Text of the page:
Last updated on January 27th, 2020 at 01:59 pm
Years ago, before kayak fishing was cool, I had a friend who lived in Pompano Beach who would paddle out from the 16th Street Beach to the Gulf Stream and cast a line.
Now, those old-style kayaks were not made for the ocean, or for fishing, but that didn’t stop “Kayak Willie” from facing the challenge of a three-mile paddle to sea for the ride(s) of his life.
On occasion, as the stories go, he would hook a sailfish and skim the waves in “pursuit,” hanging on for dear life as he got dragged to sea. Bill never bragged about his adventures, at least not to me, although there were plenty of fish stories told on his behalf, if you get my drift. Kayak Willie was a legend on that beach.
I wouldn’t recommend going deep into the open Atlantic, or the Gulf, especially alone. Indeed, perhaps the biggest advantage to fishing from a kayak is getting into places where nobody else can go. For most of us, inshore fishing, marshes, bays, lakes and rivers will do just fine.
My immediate thoughts go to the Keys, the Ten Thousand Islands, Tampa Bay, Indian River Lagoon, the Everglades, Mosquito Lagoon, Cedar Key and Apalachicola Bay, and there is bounty in Florida’s many spring-fed freshwater streams, lakes and rivers, such as the St. John’s or Lake Okeechobee.
And unlike Bill’s primitive yak, many of today’s kayaks are built for fishing with rod holders, storage hatches, and some even have live wells.
Outfitting your kayak
There are many ways to rig your kayak, and everyone has their own idea of what they need and where to put it. You will often see kayaks rigged with multiple rod holders, carrying multiple rods, and you wonder how they do it. I would suggest you wonder why they do it.
Don’t go overboard, both literally and figuratively. You need one rod, not three or four, and one rod holder. The more rods you have and the more rod holders, the more trouble. Lines get snagged too easily, and multiple rods interfere with your ability to follow a fish that circles your boat.
Keep it simple. One rod holder, either in front the cockpit or behind it, whichever is convenient and accessible. You can get by without any rod holders, and use Velcro to strap it to your boat while paddling. But you’ll soon find that you need a place to keep your rod and reel out of the water and within reach so you can change rigs, change baits, etc.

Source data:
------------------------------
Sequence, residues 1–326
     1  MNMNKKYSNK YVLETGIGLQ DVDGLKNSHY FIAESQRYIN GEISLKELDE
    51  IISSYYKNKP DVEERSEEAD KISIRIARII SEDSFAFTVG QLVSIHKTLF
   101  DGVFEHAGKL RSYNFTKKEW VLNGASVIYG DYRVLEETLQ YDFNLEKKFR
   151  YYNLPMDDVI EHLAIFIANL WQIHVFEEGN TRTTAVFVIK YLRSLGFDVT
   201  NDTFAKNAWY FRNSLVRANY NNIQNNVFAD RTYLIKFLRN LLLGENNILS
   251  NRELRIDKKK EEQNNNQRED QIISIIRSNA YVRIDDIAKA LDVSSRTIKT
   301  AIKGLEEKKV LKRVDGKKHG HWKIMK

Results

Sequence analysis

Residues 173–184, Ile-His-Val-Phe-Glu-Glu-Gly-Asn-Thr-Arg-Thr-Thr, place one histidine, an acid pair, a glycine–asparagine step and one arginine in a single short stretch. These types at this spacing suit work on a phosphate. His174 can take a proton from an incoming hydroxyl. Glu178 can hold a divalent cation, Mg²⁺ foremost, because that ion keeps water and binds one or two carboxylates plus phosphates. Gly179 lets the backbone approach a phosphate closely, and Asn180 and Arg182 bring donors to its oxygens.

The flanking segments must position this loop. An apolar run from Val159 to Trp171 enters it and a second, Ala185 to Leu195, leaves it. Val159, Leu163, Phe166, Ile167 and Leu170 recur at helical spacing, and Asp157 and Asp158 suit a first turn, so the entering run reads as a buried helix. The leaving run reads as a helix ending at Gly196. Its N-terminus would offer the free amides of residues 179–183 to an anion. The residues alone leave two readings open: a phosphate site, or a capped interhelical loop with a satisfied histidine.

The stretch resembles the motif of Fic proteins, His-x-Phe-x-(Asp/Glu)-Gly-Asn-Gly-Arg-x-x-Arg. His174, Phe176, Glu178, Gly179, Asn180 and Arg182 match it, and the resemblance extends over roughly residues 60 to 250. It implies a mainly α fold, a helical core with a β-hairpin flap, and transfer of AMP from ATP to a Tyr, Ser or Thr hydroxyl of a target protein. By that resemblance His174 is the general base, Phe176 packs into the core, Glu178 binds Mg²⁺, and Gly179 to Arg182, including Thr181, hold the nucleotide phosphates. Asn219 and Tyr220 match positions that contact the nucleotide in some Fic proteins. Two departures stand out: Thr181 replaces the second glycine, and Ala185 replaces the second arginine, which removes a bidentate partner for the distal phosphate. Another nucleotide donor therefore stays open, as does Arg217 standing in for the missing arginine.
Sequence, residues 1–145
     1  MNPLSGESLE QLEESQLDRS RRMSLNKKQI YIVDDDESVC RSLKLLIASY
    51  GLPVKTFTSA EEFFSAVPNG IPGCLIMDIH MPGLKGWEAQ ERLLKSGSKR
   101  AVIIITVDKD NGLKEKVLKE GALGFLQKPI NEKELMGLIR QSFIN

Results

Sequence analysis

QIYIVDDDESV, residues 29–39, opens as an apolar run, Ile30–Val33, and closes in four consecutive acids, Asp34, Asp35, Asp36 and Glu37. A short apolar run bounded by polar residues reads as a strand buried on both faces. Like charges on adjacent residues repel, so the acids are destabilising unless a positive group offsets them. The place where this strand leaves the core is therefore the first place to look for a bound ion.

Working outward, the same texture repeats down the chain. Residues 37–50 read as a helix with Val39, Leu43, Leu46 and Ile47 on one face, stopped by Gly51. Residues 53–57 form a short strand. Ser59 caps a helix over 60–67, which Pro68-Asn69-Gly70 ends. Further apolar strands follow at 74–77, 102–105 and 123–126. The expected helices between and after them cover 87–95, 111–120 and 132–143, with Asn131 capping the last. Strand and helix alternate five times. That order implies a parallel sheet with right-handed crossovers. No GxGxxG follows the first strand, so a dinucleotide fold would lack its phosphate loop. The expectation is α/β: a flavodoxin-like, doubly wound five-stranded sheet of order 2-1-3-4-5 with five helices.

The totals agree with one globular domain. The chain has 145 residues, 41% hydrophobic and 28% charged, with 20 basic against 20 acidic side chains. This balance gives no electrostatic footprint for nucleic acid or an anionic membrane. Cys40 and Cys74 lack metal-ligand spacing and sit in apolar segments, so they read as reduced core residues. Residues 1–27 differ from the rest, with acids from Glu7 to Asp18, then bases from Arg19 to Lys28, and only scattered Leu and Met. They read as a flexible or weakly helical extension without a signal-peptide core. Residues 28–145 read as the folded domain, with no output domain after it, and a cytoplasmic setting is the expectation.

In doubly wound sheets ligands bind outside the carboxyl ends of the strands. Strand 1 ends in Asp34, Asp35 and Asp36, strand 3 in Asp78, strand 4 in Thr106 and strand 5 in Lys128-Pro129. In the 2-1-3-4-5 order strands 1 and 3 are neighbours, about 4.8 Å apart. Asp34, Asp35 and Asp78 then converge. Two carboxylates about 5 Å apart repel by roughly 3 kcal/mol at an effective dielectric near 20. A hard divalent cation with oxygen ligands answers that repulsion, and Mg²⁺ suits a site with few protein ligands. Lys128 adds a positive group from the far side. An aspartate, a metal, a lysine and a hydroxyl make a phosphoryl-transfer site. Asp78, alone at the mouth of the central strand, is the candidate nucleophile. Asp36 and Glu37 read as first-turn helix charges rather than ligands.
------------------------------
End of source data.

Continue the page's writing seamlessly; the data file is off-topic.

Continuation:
A rod holder mounted behind you also serves your trolling in transit, as you paddle to your favorite fishing hole. Wherever you mount the rod holder, be sure that it doesn’t interfere with your paddling.
If you intend to keep your catch, you need a place to stow it, keeping in mind that many fish flop around once landed. Some fish flop around quite a bit. A portal or hatch into which you can drop the fish below deck onto a bag of ice is best, but not all kayaks are so equipped. A cooler strapped to your deck also works well. Make sure it’s stable and secure. Due to space limitations, the cooler can also be used for beverages and frozen bait, should that be your choice.
My friend Warren Richey, an avid kayak fisherman and author of “Without A Paddle”, keeps it simpler still. He uses a stringer and keeps his catch in the water. “On good days, this stringer can get pretty big and heavy. But it works. The fish stay fresh because they stay alive.”
But there is a down side when fishing where sharks may prowl. “Once I was next to a guy (about 20 yards away) when he had his entire stringer ripped free by a big shark. Lost all his fish and the rope. This is, of course, dangerous. If you use a strong stringer, the shark may come in fast, take it, and flip the boat. So that’s the downside of using a stringer. The upside is that it is easy to rig and takes up no space.”
Warren also suggests a hand net. “It makes it much easier to get the fish off the line and into the stringer without being cut bloody by gills and spines.”
Other optional equipment includes a drift sock to stabilize the kayak in currents, a moderate length of line and a small river anchor so you can get out and wade.
Best kayaks for fishing
It’s pretty much standard in Florida to fish from a sit-on-top with a relatively wide beam for stability, especially if you plan to fish in open water. The wider the beam, the slower the kayak, but it’s more stable when you hook that fish and reel it in. You have to find your own balance between speed, agility and utility.
There are many advantages to a sit-inside, not the least of which is the ease of storing your gear and your catch easily below deck. If you favor a sit-inside, go for a large cockpit. But a sit-inside is not recommended for open water where you need a skirt. The advantages disappear under the skirt and become hassles.
There are many kayaks on the market today that are designed specifically for fishing. Two that immediately come to mind are the Hobie Mirage (sit-on-top) and the Wilderness Systems Pungo Angler (sit inside). The Mirage allows you to pedal your kayak while fishing, and the Pungo Angler has many well-placed storage hatches, rod holders, drink holders, and a small deck for rigging your line. Some even offer outriggers that add stability.
But you can easily spend $1,000 and up for a specially rigged fishing yak, while the kayak you already have can be modified for much less and provide just as much fun.
Remember: Wide and short is slow, but has better stability for fishing. Narrow and long gets you there faster, but it’s less stable. Somewhere in between, moderately wide and about 12 feet long, is probably the best compromise for most anglers.
Tackle for kayak fishing
An inexpensive light-medium spinning outfit that handles 12-15-lb. test line is the right choice. Fresh water anglers might even go with lighter tackle. Keep in mind that your gear is going to be exposed to the elements, dropped in the water, undergo stress and more, so leave your high-end rod and reel at home. If you don’t have a rod holder, then you want a rod that will break down for storage below deck.